Gerald Sinstadt: Finance rules likely to be fairer for some clubs than others
"MONEY is like muck, not good except it be spread." Francis Bacon, 16th Century essayist and philosopher.
"Money is like manure. If you spread it around, it does a lot of good. But if you pile it up in one place it stinks like hell." Clint Murchison Jr, 20th Century businessman and founder of American football's Dallas Cowboys.
Two minds 400 years apart reaching the same conclusion. To see how valid that is today, look no further than the Premier League.
This week, in two separate meetings, representatives of the 20 clubs have been discussing this very issue. No doubt while holding their noses.
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In the 1930s Arsenal were known as the Bank of England club because of their financial prudence.
The term took on a different meaning in the early post-war years thanks to Sunderland's profligacy in two signings. The £20,050 they paid for Len Shackleton was a record; they surpassed it by then paying £30,000 for Trevor Ford.
Even then there were mutterings about the ethics of clubs seeking to buy success. Sixty years on, that same Sunderland are said to have put forward a proposal aimed at curbing wage inflation.
Since returning to the Premier League in 2007, Sunderland's best finish is 10th. Manchester City, among others, are believed to be unsympathetic.
The gap between the haves and the have-less is obvious. Arsenal remain careful with their cash, but have still built a 60,000-capacity stadium.
Compare their potential income with that for a similarly prudent Stoke City.
The Britannia Stadium is only half the size of The Emirates and little more than a third as capacious as Old Trafford.
Thus, while the Potteries and Manchester are merely a few miles apart, the same could not be said of their football wages.
To be sure, Stoke's players are not on benefits, but their car park isn't known for its vast array of Lamborghinis. Though recently maybe a horsebox?
As this column has previously observed in a different context, there is no such thing as a level playing field.
In the United States a salary cap system can set a maximum for an individual player or an overall figure for the team.
The draft system allows weaker teams first choice of the better players recruited from colleges. Yet every year the baseball standings show the wealthy New York Yankees challenging for honours.
Our problems are different. We have promotion and relegation. We have parachute payments for failure, distorting the picture in the Championship.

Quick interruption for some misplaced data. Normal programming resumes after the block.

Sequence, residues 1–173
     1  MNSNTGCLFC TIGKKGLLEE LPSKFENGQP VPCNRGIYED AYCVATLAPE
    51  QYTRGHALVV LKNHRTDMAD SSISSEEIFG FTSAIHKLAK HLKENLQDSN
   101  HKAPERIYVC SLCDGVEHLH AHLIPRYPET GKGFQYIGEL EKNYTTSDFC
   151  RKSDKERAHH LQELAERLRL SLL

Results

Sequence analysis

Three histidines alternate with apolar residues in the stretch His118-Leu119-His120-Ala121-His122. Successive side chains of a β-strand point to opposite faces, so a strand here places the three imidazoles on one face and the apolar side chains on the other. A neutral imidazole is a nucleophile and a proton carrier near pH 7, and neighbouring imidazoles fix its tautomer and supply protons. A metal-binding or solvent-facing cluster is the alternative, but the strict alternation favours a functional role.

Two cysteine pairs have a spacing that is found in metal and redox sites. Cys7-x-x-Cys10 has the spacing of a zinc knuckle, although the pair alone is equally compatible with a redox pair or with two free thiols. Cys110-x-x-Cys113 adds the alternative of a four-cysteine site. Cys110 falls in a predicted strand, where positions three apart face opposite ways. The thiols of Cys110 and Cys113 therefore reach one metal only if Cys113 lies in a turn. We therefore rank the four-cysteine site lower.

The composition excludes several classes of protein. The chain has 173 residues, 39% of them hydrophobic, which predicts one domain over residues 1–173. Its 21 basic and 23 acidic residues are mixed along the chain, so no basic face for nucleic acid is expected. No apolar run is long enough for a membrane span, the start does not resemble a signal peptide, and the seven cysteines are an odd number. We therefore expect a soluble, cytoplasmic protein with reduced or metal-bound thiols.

If this week's meetings will not have been expecting to find a miracle solution, the delegates would still have hoped to come up with ideas to deal with the imbalance.
They would not have started with a blank sheet of paper. Three years ago this month, UEFA's Financial Control Panel first reached agreement in principle for a set of Fair Play Regulations.
The 2010 version runs to 84 pages – 27,000 words, 74 articles, 11 annexes. These have wide ambitions for the good of football but essentially, they seek to make clubs live within their income, starting next season.
Even though the ultimate sanction will be exclusion from UEFA competitions (eg the Champions League), making it work will not be easy.
Responsibility for not contravening 84 pages of tight legal jargon will fall upon participating countries. Clubs will have to comply.
Good news for some, of course. Next time you go on holiday, don't expect to sit next to a football lawyer or a football accountant in economy.
You can bet next year's season ticket to a hot dog that a forensic search for changes in presentation of an annual balance sheet is already in progress. Not everybody wants a level playing field.
The argument says the war between capitalism and communism has been waged and won.
Capitalism believes in entrepreneurship, in competition. If your club is owned by a sheik or an oligarch or an inscrutable oriental, you want him at the table with his cheque book when Lionel Messi comes up for sale.
But what if you believe capitalism is a recipe for dog eat dog? What if your club doesn't have the backing of someone with a big ego and deep pockets?
Are you content to be an also ran while the same exclusive gang share out the goodies among themselves now and forever?
All this may feel very abstruse and technical, less appealing than a good old ding-dong about whether that idiot assistant should have put his flag up when we lost 1-0. But in the coming months the battle over Financial Fair Play will not be easily ignored.
The Premier League delegates at their meetings this week will have been well aware of the scale of the problem. And they will have had few expectations.
Or if they did, they should have paid heed to boxer Kevin Mitchell. Last Saturday, he lost to Ricky Burns in the fourth round of a WBO lightweight tile fight. Afterwards, Mitchell said: "I never underestimated him ... He is just so much better than I thought."